I use the “Centre” spelling in the article title with malice aforthought, since the news item is out of India, discusses an upcoming documentary to be shown on Britain’s Channel 4, and reports the reaction of the Australian public. A article in The Hindu News Update Service states the British documentary will show personal banking information — including account information — bought and sold on the streets of India. According to the report, Australians would prefer to bank at financial institutions that keep their financial data on-shore rather than off-shore.
I have to admit that my first thought after I read this article was “how can VoIP fix this?” Certainly VoIP an/or cheap telephony is part of the problem; that’s likely how the calls went overseas in the first place. Almost inevitably, the data followed, and now bank customers may be paying the price.
But before we panic, I’d like to point out that financial data theft happens here in the US; you can buy and sell ATM card information over the Internet. I suspect the real question is whether similar call center leaks happen here in the US — what’s the baseline? After all, US call centers are an established industry, handle lots of money, and have a transient work force. I imagine that it’s easy enough to steal financial information if you’re a call center employee.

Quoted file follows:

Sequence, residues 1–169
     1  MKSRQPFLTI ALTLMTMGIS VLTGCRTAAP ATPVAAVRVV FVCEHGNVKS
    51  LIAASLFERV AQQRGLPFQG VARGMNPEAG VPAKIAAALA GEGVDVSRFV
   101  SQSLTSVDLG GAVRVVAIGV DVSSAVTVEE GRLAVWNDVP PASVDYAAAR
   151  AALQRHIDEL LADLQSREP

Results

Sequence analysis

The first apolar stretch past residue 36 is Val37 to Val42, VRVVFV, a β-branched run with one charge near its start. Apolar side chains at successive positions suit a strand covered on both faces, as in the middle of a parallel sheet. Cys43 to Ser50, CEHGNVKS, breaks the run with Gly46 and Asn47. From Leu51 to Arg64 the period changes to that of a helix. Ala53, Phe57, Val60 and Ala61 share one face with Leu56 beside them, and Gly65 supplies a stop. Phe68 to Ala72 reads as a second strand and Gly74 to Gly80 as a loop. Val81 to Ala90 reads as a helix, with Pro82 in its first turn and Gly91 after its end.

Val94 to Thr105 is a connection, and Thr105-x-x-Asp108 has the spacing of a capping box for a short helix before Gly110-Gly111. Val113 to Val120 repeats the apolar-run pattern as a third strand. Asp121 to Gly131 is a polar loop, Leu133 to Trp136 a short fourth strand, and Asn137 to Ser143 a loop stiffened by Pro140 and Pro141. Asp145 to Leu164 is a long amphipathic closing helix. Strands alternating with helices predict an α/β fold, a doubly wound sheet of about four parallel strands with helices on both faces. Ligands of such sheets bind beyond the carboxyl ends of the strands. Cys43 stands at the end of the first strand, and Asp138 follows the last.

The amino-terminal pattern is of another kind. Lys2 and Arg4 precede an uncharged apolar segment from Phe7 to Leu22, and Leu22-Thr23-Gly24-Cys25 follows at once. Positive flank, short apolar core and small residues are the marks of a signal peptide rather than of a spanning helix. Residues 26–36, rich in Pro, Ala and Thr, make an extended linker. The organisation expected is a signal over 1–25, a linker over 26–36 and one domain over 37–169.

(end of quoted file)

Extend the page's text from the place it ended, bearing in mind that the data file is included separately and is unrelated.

But to return to the original question: Can VoIP help instead of making the problem worse? Or will the contnued use of VoIP to drive business to the lowest-cost location inevitably lead to theft, and an inevitable backlash against outsourcing? Or should the VoIP community wash its hands of these problems and pray that someone else fixes them?